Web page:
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August 17, 2012: We've scoured the Web to find the best and most compelling animal stories, videos and photos. And it's all right here.
Grab the tissues. When Cole Hein, 11, learned that his Jack Russell Terrier, Bingo, had just weeks to live, he set up a “Lick It List" of all the things that he wanted Bingo to experience before he dies. It’s a way to thank the service dog who has saved Cole’s life several times because the boy has a condition in which he stops breathing. "I want to take her on one last public outing to Ruckers [recreation center]. I want to walk her around the block twice,” says Cole. “And I want to get her treats from around the world.” A Facebook page set up by the family already has over 3,000 fans. — Read it at People
A bottlenose dolphin stranded in Sarasota, FL, in June has been rehabilitated and released. When volunteers from the Mote Marine Laboratory Sea Turtle Patrol found Edna, she was severely underweight and suffering from pneumonia, gastritis and other health problems. Experts cared for her around the clock, brought her weight up to a healthy 240 pounds and released her back into the ocean on Tuesday. “It was excellent to see her return home,” says Lynne Byrd, a medical care and rehabilitation coordinator at Mote. “We watched her get her bearings and then she seemed to be showing some fishing behaviors — that's a good sign.” — See the photos of the release at Live Science
While hiking with his wife on Mount Bierstadt in Colorado, Scott Washburn came across a severely dehydrated dog on one of the mountain’s highest peaks. The couple was unable to lift the German Shepherd Dog, so the duo headed down the mountain, and rallied a group of hikers on 14ers.com to help rescue the dog. Eight hikers took turns carrying Missy in a backpack to safety. The dog is now recovering in a vet’s care, while a custody battle brews with the owner, who admitted to abandoning Missy eight days earlier due to an injury he suffered while climbing. — Read it at Denver CBS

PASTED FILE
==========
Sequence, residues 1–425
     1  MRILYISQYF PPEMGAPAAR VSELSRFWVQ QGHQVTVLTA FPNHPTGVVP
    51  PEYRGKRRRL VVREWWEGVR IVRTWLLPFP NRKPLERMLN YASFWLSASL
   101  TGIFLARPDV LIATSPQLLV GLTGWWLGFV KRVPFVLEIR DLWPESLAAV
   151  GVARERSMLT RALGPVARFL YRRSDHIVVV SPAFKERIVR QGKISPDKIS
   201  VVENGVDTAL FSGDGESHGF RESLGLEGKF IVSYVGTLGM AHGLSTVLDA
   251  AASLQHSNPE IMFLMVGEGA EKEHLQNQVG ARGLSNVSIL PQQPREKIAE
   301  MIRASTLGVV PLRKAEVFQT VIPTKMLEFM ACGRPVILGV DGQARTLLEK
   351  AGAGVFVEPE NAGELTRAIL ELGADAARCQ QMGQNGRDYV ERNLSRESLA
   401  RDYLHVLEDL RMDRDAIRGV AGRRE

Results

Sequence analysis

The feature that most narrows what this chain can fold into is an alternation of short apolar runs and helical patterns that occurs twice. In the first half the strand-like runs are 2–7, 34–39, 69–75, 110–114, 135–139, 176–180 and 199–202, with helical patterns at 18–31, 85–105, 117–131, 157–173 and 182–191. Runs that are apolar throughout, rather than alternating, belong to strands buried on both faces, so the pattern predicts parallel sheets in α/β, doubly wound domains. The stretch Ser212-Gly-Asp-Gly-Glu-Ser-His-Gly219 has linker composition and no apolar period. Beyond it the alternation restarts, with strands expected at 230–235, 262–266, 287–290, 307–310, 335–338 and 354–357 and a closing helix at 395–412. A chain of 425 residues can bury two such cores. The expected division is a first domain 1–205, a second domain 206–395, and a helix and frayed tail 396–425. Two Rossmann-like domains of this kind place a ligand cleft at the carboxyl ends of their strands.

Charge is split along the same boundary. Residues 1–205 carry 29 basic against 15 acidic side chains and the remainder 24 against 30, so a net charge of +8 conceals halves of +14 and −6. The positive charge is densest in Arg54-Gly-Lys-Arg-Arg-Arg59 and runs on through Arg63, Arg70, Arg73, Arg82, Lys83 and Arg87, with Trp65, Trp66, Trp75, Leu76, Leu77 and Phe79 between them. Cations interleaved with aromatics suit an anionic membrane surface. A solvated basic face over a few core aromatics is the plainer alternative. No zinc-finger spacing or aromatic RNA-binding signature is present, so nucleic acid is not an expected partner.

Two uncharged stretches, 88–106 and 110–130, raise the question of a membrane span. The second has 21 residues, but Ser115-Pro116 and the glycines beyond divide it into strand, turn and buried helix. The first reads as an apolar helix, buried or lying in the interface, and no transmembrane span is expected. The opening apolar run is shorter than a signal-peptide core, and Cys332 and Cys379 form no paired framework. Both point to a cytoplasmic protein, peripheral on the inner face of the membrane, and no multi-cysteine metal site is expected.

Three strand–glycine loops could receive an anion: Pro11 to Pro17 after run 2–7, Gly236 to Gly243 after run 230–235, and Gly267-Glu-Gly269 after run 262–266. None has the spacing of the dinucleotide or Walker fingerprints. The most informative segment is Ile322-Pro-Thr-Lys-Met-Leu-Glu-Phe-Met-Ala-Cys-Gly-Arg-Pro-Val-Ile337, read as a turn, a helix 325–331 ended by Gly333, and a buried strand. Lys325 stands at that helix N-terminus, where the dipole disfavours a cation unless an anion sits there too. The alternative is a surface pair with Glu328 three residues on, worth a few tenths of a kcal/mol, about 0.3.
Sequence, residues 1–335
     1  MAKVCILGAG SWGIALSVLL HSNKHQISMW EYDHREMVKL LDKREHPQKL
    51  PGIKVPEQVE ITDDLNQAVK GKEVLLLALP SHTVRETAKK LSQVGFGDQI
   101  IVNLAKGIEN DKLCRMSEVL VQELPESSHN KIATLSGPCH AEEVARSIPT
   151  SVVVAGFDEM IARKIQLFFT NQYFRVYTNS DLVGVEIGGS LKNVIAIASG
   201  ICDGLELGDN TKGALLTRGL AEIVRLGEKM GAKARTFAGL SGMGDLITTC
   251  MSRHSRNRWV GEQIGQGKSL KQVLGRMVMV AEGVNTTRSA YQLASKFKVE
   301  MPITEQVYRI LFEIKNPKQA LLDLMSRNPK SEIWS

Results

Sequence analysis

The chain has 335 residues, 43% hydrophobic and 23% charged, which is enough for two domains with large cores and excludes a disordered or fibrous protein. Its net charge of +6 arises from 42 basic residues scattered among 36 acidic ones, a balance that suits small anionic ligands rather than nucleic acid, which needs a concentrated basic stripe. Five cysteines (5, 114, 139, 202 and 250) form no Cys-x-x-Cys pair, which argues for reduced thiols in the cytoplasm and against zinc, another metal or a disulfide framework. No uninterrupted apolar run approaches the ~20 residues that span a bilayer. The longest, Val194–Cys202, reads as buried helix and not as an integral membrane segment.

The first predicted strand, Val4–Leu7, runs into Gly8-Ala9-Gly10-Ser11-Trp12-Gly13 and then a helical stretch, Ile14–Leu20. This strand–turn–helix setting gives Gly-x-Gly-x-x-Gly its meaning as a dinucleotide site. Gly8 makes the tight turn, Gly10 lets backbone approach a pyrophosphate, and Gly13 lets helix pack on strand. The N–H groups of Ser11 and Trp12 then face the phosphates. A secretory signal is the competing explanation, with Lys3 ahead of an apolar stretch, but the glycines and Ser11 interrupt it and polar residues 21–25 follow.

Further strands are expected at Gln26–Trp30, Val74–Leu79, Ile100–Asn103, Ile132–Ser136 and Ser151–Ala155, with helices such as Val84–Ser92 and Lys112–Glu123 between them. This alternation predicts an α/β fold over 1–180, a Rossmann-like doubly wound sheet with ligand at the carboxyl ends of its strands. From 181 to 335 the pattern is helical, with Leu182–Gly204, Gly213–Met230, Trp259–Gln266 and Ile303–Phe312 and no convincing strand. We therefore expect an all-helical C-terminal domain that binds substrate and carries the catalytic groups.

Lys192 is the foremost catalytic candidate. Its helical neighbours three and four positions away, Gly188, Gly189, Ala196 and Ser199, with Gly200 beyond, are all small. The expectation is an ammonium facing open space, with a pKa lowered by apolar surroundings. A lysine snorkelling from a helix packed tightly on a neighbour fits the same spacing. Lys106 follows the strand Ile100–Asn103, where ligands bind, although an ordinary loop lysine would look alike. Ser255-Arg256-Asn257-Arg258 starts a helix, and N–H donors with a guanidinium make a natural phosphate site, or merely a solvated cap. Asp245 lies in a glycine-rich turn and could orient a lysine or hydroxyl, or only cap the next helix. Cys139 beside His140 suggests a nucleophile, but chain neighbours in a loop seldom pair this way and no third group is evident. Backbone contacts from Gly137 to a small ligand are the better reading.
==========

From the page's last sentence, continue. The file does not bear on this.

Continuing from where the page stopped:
Twelve years after scientists declared the rocksnail extinct, Nathan Whelan, a graduate student in biology at the University of Alabama, spotted the snail on a stretch of the Cahaba River in Alabama. But the discovery doesn’t mean that the species is safe. “Right now a single pollution event could cause the extinction of the whole species,” says Whelan. He hopes that the snails can be bred in captivity, and reintroduced in one or two other places along the river. — Read it at The New York Times
Often overlooked due to long-standing superstitions, black cats tend to stay in shelters longer than fairer felines — but Black Cat Appreciation Day is hoping to help change that today. If you can’t adopt a black cat yourself, you can still join the event on Facebook to spread the word among friends. — Read more at Catster
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